Investment in Emerging Markets maybe on the rise and the change in the MSCI Index may help start a trend.

Axios 3 1 19

These charts don’t go together, but I think interesting nonetheless!

 General Interest, Investing  Comments Off on These charts don’t go together, but I think interesting nonetheless!
Feb 222019
 

Another group of beneficiaries from the new tax law – Accountants.

For all the headlines Alphabet has received, this is kind of interesting. Dominos stock has actually outperformed since the went public. Either one would have been a good investment 15 years ago, but 3600% does beat 2500% rather handily!

GDP Update

 Economy, Investing, Retirement Planning  Comments Off on GDP Update
Jan 162019
 

This chart was part of today’s Wall Street Journal Daily Shot.

Looks like Oxford Economics is expecting at least somewhat of a slow down this year. They also had some information on the potential impact of the government shutdown. However for now, the year over year comparisons will be harder due to the impact of the tax cut impact in 2018

If I recall, they were suggesting that the shutdown might result in around a 0.4 tenths of a percent reduction per quarter.

Lets hope that gets resolved soon.

Hindsight is Wonderful!

 Economy, General Interest, Investing, Retirement Planning  Comments Off on Hindsight is Wonderful!
Jan 152019
 

Who knew at the start of 2018 that the stock market’s ride would be this wild? Although after a very lucrative 2017, it should have been reasonable to expect a change.

The challenge is always to try to determine which way to go – going forward. It turns out that hindsight is not very helpful looking forward. Looking backwards, I would say it was easy to see that a trade war with tariffs and the resulting business disruptions and uncertainty were going to be a problem. But, the timing, magnitude, and duration of the challenges were and actually still are hard to quantify.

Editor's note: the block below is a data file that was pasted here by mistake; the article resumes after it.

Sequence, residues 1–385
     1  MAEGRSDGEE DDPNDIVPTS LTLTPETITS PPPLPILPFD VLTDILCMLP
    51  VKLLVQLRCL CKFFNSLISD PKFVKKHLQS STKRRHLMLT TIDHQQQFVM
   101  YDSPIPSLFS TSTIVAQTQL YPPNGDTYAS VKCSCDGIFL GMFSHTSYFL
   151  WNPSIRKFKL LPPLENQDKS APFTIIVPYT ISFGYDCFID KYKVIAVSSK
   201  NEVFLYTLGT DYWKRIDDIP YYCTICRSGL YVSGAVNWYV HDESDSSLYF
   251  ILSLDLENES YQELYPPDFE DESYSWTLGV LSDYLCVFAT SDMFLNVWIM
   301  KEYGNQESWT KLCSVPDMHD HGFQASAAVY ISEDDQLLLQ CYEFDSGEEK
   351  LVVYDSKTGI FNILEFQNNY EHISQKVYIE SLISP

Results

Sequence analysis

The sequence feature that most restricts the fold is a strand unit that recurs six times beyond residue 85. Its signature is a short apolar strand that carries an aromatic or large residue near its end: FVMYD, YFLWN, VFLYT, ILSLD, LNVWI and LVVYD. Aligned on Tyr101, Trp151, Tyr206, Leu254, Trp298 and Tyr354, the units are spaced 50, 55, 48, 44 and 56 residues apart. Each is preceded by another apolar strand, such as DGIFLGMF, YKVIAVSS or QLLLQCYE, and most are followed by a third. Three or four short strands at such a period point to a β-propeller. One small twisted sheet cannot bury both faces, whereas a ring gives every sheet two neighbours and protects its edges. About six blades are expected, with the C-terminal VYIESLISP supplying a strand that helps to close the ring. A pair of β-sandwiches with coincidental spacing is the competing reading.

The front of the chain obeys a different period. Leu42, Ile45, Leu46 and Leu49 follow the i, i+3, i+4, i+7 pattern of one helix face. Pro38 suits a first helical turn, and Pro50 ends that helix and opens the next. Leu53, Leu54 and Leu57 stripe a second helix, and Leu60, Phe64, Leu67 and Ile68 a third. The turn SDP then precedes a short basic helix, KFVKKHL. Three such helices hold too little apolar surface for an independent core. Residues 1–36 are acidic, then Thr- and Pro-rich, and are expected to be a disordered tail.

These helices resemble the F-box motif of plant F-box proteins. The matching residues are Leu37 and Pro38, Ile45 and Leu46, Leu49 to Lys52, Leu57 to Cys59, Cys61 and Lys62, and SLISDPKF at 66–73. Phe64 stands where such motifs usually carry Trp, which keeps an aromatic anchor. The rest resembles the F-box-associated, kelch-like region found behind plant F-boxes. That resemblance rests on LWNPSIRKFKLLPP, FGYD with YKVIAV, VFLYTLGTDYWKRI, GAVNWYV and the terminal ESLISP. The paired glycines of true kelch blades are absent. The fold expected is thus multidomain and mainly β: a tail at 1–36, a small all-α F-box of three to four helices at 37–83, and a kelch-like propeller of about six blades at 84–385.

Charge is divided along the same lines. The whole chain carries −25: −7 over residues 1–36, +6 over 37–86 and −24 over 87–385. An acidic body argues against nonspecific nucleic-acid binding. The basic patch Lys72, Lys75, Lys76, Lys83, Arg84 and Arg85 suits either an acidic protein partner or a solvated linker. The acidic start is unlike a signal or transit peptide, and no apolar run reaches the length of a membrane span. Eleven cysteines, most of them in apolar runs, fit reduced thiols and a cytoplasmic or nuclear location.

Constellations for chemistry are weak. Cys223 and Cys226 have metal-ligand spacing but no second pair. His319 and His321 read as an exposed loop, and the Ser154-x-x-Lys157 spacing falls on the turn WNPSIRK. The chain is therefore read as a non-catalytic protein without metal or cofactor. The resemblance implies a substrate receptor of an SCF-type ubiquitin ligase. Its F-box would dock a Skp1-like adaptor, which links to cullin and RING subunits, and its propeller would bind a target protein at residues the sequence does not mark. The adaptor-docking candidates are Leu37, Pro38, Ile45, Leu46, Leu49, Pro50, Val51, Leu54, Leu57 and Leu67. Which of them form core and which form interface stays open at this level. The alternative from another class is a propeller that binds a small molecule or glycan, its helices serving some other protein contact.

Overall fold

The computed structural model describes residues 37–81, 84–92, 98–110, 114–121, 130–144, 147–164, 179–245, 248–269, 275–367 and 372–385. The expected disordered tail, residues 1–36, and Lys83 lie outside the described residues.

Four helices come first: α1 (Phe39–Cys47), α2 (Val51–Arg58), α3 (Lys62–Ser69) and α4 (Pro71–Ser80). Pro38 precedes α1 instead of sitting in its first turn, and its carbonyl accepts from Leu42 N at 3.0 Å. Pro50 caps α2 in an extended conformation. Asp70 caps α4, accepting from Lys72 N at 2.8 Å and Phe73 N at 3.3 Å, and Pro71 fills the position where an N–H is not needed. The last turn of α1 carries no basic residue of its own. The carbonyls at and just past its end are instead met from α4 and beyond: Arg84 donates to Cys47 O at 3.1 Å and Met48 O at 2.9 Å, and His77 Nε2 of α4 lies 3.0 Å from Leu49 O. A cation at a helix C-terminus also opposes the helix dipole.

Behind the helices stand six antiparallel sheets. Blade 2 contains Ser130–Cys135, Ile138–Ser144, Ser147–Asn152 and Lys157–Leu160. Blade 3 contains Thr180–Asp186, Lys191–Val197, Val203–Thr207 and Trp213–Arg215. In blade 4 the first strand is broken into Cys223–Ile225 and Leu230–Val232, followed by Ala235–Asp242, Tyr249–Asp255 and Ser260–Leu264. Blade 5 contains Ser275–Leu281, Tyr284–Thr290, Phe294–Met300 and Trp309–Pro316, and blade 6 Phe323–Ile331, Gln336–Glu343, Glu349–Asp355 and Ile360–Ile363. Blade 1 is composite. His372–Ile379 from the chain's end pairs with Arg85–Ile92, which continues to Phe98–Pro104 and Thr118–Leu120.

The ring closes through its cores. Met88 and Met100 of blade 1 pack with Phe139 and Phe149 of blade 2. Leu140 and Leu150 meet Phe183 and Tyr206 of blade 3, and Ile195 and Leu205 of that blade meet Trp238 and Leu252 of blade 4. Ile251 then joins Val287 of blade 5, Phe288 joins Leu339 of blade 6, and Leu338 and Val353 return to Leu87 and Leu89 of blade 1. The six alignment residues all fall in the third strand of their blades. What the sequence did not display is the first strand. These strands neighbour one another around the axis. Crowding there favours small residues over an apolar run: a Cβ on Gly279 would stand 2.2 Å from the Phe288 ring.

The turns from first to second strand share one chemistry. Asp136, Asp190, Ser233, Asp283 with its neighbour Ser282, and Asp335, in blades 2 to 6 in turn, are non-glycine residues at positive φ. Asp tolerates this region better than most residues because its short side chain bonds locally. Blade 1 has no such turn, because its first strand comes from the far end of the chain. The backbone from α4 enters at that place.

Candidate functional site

If foresight was any good, we may have known when to make some changes, but I’m pretty sure art and fine wine would not have been my alternate investments.

Luxury Goods Outperform as Markets Swoon WSJ 12-31-2018

On the other hand, in spite of its lumps and bumps our democracy and capitalism based economy will almost certainly continue to work going forward. And, although Art and Fine Wine may be perfectly good asset classes, I think I’ll stick with Equity, Fixed Income, and Cash along with some real estate for my investment assets.

Have a Happy New Year!

This morning lead at Seeking Alpha

 Investing  Comments Off on This morning lead at Seeking Alpha
Aug 212018
 

This was the lead blurb on Seeking Alpha this morning.

Obviously good news historically, but what about looking forward?


The S&P 500 will tie the record for the longest U.S. bull market in history today at nearly 3,500 days, rising more than 320% since March 9, 2009. It’s a record few would have predicted when stocks struggled to find their footing after a 50% plunge during the financial crisis. There is still no shortage of bearish warnings out there as analysts debate the future, but many investors continue to see plenty of gas left in the tank for equities.

Feb 272017
 

Since 2009, the stock market has had quite a run! Per the chart in today’s Wall Street Journal, the value has more than doubled since the recession low.

WSJ 2-27-2017

The question of course is whether it has gone too far too fast!

Has it just caught up to where it would have been if it had not lost so much value back in 2008? If so, it may be reasonable to expect continued good news.

The alternative is that it has  once again gotten ahead of itself and is to expensive – setting us up for another decline of whatever magnitude.

Obviously I don’t know for sure. For the most part, other than its longevity and height, it doesn’t seem like it is too far ahead of itself.

The key to extending its positive performance will be increasing productivity and corporate profitability. The answer to this will not only be up to the companies themselves, but the Trump administration’s policy initiatives. It appears that some of these are likely to be positive for business while others may turn out to be not  so beneficial.